The Quare Fellow
|The Quare Fellow|
|Written by||Brendan Behan|
Prisoner A (Hard Case)
Prisoner B (The Man of Thirty)
Prisoner C (The Boy from the Island)
Prisoner D (The Embezzler)
The Other Fellow
Halliwell, 2nd Asst. Hangman
Prisoner in Isolation
|Date premiered||November 19, 1954|
|Place premiered||Pike Theatre, Dublin|
|Setting||Mountjoy Prison, 1950s|
The play is set in Mountjoy Prison, Dublin. The anti-hero of the play, The Quare Fellow, is never seen or heard; he functions as the play's central conceit. He is a man condemned to die on the following day, for an unmentioned crime. Whatever it is, it revolts his fellow inmates far less than that of The Other Fellow, a very camp, almost Wildean, gay man.
There are three generations of prisoners in Mountjoy including boisterous youngsters who can irritate both other inmates and the audience and the weary old lags Neighbour and "methylated martyr" Dunlavin.
The first act is played out in the cramped area outside five cells and is comedic. After the interval, the pace slows considerably and the play becomes much darker, as the time for the execution approaches. The focus moves to the exercise yard and to the workers who are digging the grave for the soon-to-be-executed Quare Fellow.
The taking of a man's life is examined from many different angles: his fellow prisoners of all hues, the great and the good and the prison officers.
The play is a grimly realistic portrait of prison life in Ireland in the 1950s, and a reminder of the days in which homosexuality was illegal and the death penalty relatively common (35 people were executed between 1923 and 1954, about one every 10½ months). The play is based on Behan's own prison experiences, and highlights the perceived barbarity of capital punishment, then in use in Ireland. The play also attacks the false piety in attitudes to sex, politics and religion.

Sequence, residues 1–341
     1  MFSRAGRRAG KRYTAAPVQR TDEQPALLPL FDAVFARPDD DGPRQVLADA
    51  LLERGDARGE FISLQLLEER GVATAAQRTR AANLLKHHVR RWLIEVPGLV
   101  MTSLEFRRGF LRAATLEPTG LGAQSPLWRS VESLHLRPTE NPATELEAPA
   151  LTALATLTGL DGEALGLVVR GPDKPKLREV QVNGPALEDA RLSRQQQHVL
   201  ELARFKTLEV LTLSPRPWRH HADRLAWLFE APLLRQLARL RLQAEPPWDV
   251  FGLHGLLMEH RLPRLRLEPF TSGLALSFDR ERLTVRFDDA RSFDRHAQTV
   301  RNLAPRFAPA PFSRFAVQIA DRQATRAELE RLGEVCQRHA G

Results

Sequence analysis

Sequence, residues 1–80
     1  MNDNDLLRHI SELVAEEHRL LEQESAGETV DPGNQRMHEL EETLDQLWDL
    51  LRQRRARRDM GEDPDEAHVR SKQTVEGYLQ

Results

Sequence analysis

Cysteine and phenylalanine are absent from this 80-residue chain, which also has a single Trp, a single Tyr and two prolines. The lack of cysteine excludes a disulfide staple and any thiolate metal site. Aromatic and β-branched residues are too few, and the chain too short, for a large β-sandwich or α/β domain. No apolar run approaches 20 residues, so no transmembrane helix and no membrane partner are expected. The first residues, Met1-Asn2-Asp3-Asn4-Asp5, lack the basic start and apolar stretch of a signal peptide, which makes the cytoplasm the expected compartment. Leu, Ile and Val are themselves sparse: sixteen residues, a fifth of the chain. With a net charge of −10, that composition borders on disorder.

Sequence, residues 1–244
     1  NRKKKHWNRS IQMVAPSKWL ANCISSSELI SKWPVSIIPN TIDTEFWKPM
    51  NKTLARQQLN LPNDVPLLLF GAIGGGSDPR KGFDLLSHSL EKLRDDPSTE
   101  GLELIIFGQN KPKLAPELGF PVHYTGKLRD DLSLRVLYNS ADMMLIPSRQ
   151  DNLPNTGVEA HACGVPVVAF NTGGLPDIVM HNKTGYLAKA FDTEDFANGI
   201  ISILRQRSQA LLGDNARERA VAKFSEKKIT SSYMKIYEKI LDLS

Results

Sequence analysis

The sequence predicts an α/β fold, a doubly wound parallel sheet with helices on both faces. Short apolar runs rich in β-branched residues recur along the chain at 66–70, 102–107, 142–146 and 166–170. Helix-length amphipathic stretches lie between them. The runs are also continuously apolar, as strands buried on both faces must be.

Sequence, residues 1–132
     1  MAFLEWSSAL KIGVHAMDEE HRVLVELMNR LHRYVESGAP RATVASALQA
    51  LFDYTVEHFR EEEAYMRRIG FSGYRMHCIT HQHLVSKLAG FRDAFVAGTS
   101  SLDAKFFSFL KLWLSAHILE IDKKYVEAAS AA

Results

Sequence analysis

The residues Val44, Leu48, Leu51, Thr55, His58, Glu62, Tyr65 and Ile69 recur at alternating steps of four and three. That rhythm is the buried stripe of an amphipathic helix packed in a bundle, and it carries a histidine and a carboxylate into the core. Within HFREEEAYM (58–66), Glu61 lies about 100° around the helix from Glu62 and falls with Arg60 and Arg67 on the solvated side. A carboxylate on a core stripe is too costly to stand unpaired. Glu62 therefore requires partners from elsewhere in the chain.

The title is taken from a Hiberno-English pronunciation of queer, meaning "strange" or "unusual". In context, the word lacks the denotation of homosexuality that it holds today, although the word 'quare' is never used in the context of sexuality. The play does feature a gay character, but he is referred to as The Other Fellow.
In Ireland, the word 'quare' has come to be used in a context that means "remarkable" (e.g. "That's a quare day" or "she's a quare singer"), which is most likely the sense in which Behan intends it to be read. It is also used to add accentuation to an adjective, usually as an alternative to 'very' (e.g. "he's a quare good pianist" or "that was quare heavy rain this morning"). Today, the word remains in common use in Northern Ireland.
The play was offered to Dublin's Abbey Theatre, but was turned down. It premièred at the Pike Theatre Club, Herbert Lane, Dublin, on 19 November 1954 to critical success. The Quare Fellow had its London première in May 1956 at Joan Littlewood's Theatre Workshop at the Theatre Royal Stratford East. On 24 July 1956 it transferred to the Comedy Theatre, London. In September 1956 the Abbey Theatre finally performed The Quare Fellow. It had such success that the Abbey's artistic director, Ria Mooney, pushed the next play back to allow The Quare Fellow to run for six weeks. Its first New York performance was on 27 November 1958 at the Circle in the Square Theatre.
In 1962 the play was adapted for the screen by Arthur Dreifuss and starred Patrick McGoohan, Sylvia Syms and Walter Macken. Although the film received some favourable reviews, it is not regarded as a faithful adaptation of the play.
Its budget was £147,322.
"The Auld Triangle"
- Dialect variation of queer - Merriam-Webster on-line dictionary accessed 19 March 2008. The word came into use in the 16th century, related to the German quer, meaning "across, at right angle, diagonally or transverse" - queer has generally meant "strange", "unusual", or "out of alignment".
- THE ECHOES OF KILMAINHAM. Eckersley, Peter. The Guardian (1959–2003) [London (UK)] 30 December 1961: 8.
- IMDB entry for the film.
- Petrie, Duncan James (2017). "Bryanston Films : An Experiment in Cooperative Independent Production and Distribution" (PDF). Historical Journal of Film, Radio and Television: 7. ISSN 1465-3451.